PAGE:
1. Computational and Systems Biology
  2. Chromosomes and Gene Expression
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Natural changes in light interact with circadian regulation at promoters to control gene expression in cyanobacteria

  1. Joseph Robert Piechura
  2. Kapil Amarnath
  3. Erin K O'Shea  Is a corresponding author
  1. Harvard University, United States
Research Article
  • Cited 13
  • Views 3,250
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Cite this article as: eLife 2017;6:e32032 doi: 10.7554/eLife.32032

Abstract

The circadian clock interacts with other regulatory pathways to tune physiology to predictable daily changes and unexpected environmental fluctuations. However, the complexity of circadian clocks in higher organisms has prevented a clear understanding of how natural environmental conditions affect circadian clocks and their physiological outputs. Here, we dissect the interaction between circadian regulation and responses to fluctuating light in the cyanobacterium Synechococcus elongatus. We demonstrate that natural changes in light intensity substantially affect the expression of hundreds of circadian-clock-controlled genes, many of which are involved in key steps of metabolism. These changes in expression arise from circadian and light-responsive control of RNA polymerase recruitment to promoters by a network of transcription factors including RpaA and RpaB. Using phenomenological modeling constrained by our data, we reveal simple principles that underlie the small number of stereotyped responses of dusk circadian genes to changes in light.

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Article and author information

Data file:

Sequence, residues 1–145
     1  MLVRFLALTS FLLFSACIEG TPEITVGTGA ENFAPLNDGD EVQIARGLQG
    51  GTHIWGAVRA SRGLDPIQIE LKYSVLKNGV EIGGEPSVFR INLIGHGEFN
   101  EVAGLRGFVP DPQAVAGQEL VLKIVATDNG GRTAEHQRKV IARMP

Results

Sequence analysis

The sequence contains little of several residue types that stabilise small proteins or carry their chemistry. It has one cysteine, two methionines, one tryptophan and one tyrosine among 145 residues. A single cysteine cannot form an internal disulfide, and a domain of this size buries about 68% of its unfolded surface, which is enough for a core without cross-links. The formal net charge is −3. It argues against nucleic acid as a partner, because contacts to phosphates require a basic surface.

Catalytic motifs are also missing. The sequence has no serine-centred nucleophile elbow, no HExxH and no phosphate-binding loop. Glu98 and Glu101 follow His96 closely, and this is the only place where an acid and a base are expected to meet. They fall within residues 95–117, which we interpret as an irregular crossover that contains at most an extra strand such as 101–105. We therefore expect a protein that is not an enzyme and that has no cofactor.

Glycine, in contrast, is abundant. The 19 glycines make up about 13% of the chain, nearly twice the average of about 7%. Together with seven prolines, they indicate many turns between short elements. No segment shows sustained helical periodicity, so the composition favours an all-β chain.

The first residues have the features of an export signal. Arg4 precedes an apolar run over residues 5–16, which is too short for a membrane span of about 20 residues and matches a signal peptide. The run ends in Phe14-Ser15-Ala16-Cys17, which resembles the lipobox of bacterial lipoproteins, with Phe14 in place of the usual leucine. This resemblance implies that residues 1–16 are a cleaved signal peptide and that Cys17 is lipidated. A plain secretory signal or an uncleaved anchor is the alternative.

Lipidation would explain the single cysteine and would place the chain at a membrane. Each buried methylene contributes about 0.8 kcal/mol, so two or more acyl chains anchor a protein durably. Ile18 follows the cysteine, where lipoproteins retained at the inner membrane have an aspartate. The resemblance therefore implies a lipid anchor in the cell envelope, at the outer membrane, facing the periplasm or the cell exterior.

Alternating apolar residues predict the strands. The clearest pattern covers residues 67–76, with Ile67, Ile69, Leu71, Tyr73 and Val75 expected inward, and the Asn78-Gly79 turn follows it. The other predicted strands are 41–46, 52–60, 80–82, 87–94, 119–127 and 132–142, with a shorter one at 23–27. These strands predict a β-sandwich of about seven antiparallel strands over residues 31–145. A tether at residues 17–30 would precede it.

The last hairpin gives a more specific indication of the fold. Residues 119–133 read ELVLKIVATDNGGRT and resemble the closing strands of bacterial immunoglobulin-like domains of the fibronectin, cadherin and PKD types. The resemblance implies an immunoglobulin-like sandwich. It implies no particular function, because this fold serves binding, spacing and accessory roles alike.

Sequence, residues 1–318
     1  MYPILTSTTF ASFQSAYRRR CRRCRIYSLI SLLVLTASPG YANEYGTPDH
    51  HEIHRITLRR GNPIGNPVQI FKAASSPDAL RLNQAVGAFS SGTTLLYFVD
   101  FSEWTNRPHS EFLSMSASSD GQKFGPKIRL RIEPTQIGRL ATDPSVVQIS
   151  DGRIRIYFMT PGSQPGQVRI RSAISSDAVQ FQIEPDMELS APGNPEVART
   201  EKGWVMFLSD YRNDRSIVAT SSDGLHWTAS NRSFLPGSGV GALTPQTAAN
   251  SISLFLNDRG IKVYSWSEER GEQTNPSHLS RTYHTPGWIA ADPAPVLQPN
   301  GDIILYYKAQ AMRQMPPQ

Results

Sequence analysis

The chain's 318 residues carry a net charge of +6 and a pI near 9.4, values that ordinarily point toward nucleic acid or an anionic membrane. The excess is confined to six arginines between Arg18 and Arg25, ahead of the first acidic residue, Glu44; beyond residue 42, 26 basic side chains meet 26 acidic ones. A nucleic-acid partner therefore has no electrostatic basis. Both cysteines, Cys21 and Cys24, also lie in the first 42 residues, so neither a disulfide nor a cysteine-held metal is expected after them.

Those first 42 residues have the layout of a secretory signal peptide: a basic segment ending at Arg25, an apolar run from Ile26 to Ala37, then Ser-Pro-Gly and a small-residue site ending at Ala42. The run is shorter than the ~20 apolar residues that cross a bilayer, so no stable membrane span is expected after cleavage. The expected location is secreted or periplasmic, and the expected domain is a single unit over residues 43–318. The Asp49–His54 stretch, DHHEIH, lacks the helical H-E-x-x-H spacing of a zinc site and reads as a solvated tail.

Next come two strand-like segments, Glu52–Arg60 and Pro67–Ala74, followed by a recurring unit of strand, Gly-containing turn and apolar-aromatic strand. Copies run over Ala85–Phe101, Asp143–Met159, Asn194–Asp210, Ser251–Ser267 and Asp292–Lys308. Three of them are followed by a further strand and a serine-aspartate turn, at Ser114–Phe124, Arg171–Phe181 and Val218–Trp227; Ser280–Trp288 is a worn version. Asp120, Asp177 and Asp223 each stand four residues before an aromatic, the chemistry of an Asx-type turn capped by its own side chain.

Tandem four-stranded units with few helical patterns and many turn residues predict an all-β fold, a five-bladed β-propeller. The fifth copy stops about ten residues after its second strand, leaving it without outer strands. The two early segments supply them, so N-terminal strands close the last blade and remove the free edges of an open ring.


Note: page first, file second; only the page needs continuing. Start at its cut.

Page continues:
Author details

  1. Joseph Robert Piechura

    Department of Molecular and Cellular Biology, Harvard University, Cambridge, United States
    Competing interests
    No competing interests declared.
    ORCID icon "This ORCID iD identifies the author of this article:" 0000-0001-5349-4567
  2. Kapil Amarnath

    FAS Center for Systems Biology, Harvard University, Cambridge, United States
    Competing interests
    No competing interests declared.
    ORCID icon "This ORCID iD identifies the author of this article:" 0000-0003-2589-9684
  3. Erin K O'Shea

    Department of Molecular and Cellular Biology, Harvard University, Cambridge, United States
    For correspondence
    osheae@hhmi.org
    Competing interests
    Erin K O'Shea, President of Howard Hughes Medical Institute, one of the three founding funders of eLife.
    ORCID icon "This ORCID iD identifies the author of this article:" 0000-0002-2649-1018

Funding

Howard Hughes Medical Institute

  • Erin K O'Shea

The funders had no role in study design, data collection and interpretation, or the decision to submit the work for publication.

Reviewing Editor

  1. Naama Barkai, Weizmann Institute of Science, Israel

Publication history

  1. Received: September 15, 2017
  2. Accepted: December 13, 2017
  3. Accepted Manuscript published: December 14, 2017 (version 1)
  4. Accepted Manuscript updated: December 15, 2017 (version 2)
  5. Version of Record published: January 25, 2018 (version 3)

Copyright

© 2017, Piechura et al.

This article is distributed under the terms of the Creative Commons Attribution License permitting unrestricted use and redistribution provided that the original author and source are credited.

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